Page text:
SAMUEL PEPYS 1633 -
Pepys: by the English portrait painter John Hayls (c1600-
xxxxxThe Englishman Samuel Pepys is well known for his Diary, a vivid account of affairs, begun in January 1660. It covers the major historical events, including the Restoration, the Plague and the Great Fire of London, as well as giving a frank account of his own life and feelings over the next nine years. He worked in the Navy Office in London and, by dint of hard work, became secretary of the Admiralty in 1672, initiating much-
xxxxxThe Englishman Samuel Pepys, so well known for his Diary, was born in London, the son of a tailor. He attended St. Paul's School, and then studied at Magdalene College, Cambridge. On returning to London, he worked as a clerk in the Exchequer for a year, and then in 1660 obtained service in the Navy Office, working as "clerk of the King's ships". By dint of his ability and hard work he quickly rose to high office, being appointed secretary of the Admiralty by Charles II in 1672. In this position he introduced some much-
xxxxxBut his success in office, and, above all, his insistence on efficiency and honesty, made him powerful enemies. In 1679 his career was seriously interrupted when he was implicated in the Popish Plot (conjured up by Titus Oates), and imprisoned in the Tower of London. He was acquitted and reinstated in 1684, but he was then alarmed to find that the navy was near to ruin. During his time in prison, 76 ships had been reduced to 24, and 12,000 men had dwindled to 3,000, with the majority of those on the point of mutiny through lack of pay. It was due to Pepys' direct appeal to both Charles II and James II, and his own untiring efforts, that within three years a well-
xxxxxHe began writing his famous Diary on 1st January 1660, and made daily entries for the next nine years. Apart from being a unique and gripping record of the historical events of that period -
xxxxxThe diary was written in shorthand (that devised by Thomas Shelton in 1626) in case it fell into the wrong hands, and was not in fact deciphered until 1825. Pepys bequeathed the original manuscript -
xxxxxIn the latter part of his career Pepys, as chief administrator of the Navy, was one of the most important and well-
xxxxxIncidentally, in 1659, when Pepys worked as a clerk in the Exchequer, he found himself in the office of one of the tellers called George Downing (1623-
xxxxxOne of Pepys’ life-
xxxxxHis own diary, written over the years 1641 to 1706, was discovered in 1817 and published the following year. A wealthy country gentleman, Evelyn had a wide circle of friends, many of whom were distinguished in public life, so his work provides a store of information about life in 17th century England. Like Pepys' work, it contains useful character studies, and many valuable descriptions of contemporary events, but it has much less personal detail and, as a piece of literature, is not so attractive and accomplished in style.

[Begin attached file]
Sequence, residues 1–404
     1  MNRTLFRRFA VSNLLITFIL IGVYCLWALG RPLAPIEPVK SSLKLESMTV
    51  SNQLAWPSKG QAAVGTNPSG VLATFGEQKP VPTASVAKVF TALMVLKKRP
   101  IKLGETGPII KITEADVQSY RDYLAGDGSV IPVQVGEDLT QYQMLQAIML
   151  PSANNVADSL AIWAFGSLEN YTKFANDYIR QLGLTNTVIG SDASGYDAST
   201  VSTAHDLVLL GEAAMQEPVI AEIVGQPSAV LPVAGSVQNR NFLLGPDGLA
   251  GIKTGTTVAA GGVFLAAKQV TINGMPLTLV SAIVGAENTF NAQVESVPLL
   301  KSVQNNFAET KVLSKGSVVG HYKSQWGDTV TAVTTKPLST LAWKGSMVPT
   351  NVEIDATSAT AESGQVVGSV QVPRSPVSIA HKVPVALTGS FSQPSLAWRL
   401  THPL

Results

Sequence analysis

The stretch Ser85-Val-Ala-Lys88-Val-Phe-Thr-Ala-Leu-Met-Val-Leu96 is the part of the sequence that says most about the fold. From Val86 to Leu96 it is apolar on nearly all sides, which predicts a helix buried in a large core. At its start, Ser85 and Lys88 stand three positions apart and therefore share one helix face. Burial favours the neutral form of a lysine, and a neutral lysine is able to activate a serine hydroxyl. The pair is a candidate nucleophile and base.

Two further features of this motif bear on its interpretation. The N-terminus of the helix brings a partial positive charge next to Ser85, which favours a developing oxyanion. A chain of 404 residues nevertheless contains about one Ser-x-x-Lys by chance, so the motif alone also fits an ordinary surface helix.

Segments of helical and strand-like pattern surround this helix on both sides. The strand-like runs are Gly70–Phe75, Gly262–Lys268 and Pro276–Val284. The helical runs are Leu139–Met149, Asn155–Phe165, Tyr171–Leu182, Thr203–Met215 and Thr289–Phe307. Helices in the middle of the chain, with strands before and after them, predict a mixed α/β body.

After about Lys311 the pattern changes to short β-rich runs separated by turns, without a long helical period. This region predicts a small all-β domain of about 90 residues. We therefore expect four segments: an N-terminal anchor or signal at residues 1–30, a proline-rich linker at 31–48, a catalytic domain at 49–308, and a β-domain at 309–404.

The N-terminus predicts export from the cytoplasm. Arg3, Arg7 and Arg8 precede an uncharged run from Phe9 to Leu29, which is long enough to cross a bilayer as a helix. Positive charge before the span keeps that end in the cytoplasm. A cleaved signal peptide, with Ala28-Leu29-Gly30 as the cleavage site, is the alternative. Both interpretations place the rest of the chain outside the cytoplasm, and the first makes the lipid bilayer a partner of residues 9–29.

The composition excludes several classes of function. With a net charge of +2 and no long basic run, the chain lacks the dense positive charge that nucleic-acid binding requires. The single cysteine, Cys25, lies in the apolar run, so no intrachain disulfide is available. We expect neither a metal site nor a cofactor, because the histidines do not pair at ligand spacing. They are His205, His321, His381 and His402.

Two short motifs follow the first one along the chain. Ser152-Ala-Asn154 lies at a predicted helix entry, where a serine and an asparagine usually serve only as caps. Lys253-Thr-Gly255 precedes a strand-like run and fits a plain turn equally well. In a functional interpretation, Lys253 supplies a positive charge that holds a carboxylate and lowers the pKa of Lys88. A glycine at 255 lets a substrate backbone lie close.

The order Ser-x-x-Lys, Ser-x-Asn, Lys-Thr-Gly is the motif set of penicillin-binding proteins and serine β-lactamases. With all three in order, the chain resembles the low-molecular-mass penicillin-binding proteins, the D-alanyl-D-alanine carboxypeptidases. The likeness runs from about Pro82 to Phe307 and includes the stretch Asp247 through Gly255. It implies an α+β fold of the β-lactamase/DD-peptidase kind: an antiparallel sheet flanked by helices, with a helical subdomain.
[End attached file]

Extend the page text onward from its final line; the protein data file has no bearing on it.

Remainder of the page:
xxxxxHe was born of a wealthy family in Dorking, Surrey, and studied law in London and Oxford, but on completion of his studies he devoted his time to horticulture, improving the grounds of the family estate at Wotton House. Although a firm Royalist, when the civil war broke out in 1642 he decided not to join the king's cause openly for fear of reprisals against his family. He thus spent the war years travelling in France and Italy. By the early 1650s he was back in England, working on the gardens of his home at Sayes Court, Deptford, London.
xxxxxFollowing the Restoration he was one of the founder members of the Royal Society, and served on a number of commissions, including those concerned with the improvement of London streets, the workings of the Royal Mint, and the proposed repair of St. Paul's Cathedral. It was while a member of one of these commissions -
xxxxxApart from his interest in daily events, Evelyn was a man of great curiosity, and wrote about 30 books on a wide range of subjects, including horticulture, religion, history, the fine arts, architecture and the law. He produced two somewhat unusual works for his time. The first, Fumifugium, published in 1661 and subtitled The Inconvenience of the Air and Smoke of London Dissipated, must surely be seen as one of the earliest attempts to tackle the problem of air pollution. The second, Sylva, a textbook on the cultivation of trees, was produced for the Navy in 1664, and included a call for reforestation. He also wrote a touching biography on the Life of Mrs Godolphin, a lady whom he had known earlier when she was a maid of honour at court.
xxxxxIncidentally, whilst living at Sayes Court, Evelyn met Grinling Gibbons, who, after a childhood in the Netherlands had returned to England and was living at Deptford. By all accounts, Evelyn helped the talented young craftsman to establish himself as a woodcarver, thus setting him upon his brilliant career.
xxxxxJohn Evelyn (1620-
xxxxxThough not in the form of a diary, the letters of the French writer Madame de Sévigné (1626-
xxxxxIt was in 1671, soon after her daughter, Françoise Marguerite, had married and moved away from Paris, that she started up her famous correspondence. Over the next seven years or so she wrote more than 1,600 letters, the vast majority to her daughter. In a witty, spontaneous, and intimate style, she passed on current gossip and events in fashionable society, commented on everyday topics, gave shrewd portraits of prominent people (such as Corneille and Racine), or just rattled on about her own domestic routine. Some of the topics were amusing, some serious, some mundane, but very few lacked a measure of interest. But it was not so much what she said in the letters, as the charming, informal way in which she said it that has earned her a place in French literature. The letters -
xxxxxThe letters of the French writer Madame de Sévigné (1626-